The Scriptures furnish no very specific instructions as to the mode of baptism; and it is probable that, in its administration, the primitive heralds of the gospel did not adhere to a system of rigid uniformity. [220:6] Some have asserted that the Greek word translated baptize, [220:7] in our authorised version, always signifies immerse, but it has been clearly shewn [221:1] that this statement is inaccurate, and that baptism does not necessarily imply dipping. In ancient times, and in the lands where the apostles laboured, bathing was perhaps as frequently performed by affusion as immersion; [221:2] and it may be that the apostles varied their method of baptizing according to circumstances. [221:3] The ordinance was intended to convey the idea of washing or purifying; and it is obvious that water may be applied, in many ways, as the means of ablution. In the sacred volume sprinkling is often spoken of as equivalent to washing. [221:4]
As baptism was designed to supersede the Jewish circumcision, the Lord's Supper was intended to occupy the place of the Jewish Passover. [221:5] The Paschal lamb could be sacrificed nowhere except in the temple of Jerusalem, and the Passover was kept only once a year; but the Eucharist could be dispensed wherever a Christian congregation was collected; and at this period it seems to have been observed every first day of the week, at least by the more zealous and devout worshippers. [221:6] The wine, as well as the other element, was given to all who joined in its celebration; and the title of the "Breaking of Bread," [221:7] one of the names by which the ordinance was originally distinguished, supplies evidence that the doctrine of transubstantiation was then utterly unknown. The word Sacrament, as applied to Baptism and the Holy Supper, was not in use in the days of the apostles, and the subsequent introduction of this nomenclature, [222:1] probably contributed to throw an air of mystery around these institutions. The primitive disciples considered the elements employed in them simply as signs and seals of spiritual blessings; and they had no more idea of regarding the bread in the Eucharist as the real body of our Saviour, than they had of believing that the water of baptism is the very blood in which He washed His people from their sins. They knew that they enjoyed the light of His countenance in prayer, in meditation, and in the hearing of His Word; and that He was not otherwise present in these symbolic ordinances.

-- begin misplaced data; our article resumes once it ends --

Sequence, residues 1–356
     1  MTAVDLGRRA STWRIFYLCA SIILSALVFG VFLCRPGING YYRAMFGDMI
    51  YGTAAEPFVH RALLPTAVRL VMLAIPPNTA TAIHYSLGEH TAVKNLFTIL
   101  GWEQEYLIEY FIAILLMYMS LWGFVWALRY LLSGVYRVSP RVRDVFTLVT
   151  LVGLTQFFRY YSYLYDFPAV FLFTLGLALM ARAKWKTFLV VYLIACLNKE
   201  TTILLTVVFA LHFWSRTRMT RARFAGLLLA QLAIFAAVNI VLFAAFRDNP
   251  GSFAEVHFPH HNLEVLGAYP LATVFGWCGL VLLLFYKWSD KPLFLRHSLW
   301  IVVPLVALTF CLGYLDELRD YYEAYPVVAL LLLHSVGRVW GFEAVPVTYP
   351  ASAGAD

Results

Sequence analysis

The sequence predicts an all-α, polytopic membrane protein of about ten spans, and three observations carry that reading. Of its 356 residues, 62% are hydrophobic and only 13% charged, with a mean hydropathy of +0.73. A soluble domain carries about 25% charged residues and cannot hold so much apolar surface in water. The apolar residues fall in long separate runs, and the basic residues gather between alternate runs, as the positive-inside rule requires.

Whilst, in the Lord's Supper, believers hold fellowship with Christ, they also maintain and exhibit their communion with each other. "We, being many," says Paul, "are one bread and one body, for we are all partakers of that one bread." [222:2] Those who joined together in the observance of this holy institution were thereby pledged to mutual love; but every one who acted in such a way as to bring reproach upon the Christian name, was no longer admitted to the sacred table. Paul, doubtless, refers to exclusion from this ordinance, as well as from intimate civil intercourse, when he says to the Corinthians -- "I have written unto you not to keep company, if any man that is called a brother be a fornicator, or covetous, or an idolater, or a railer, or a drunkard, or an extortioner; with such an one no not to eat." [222:3]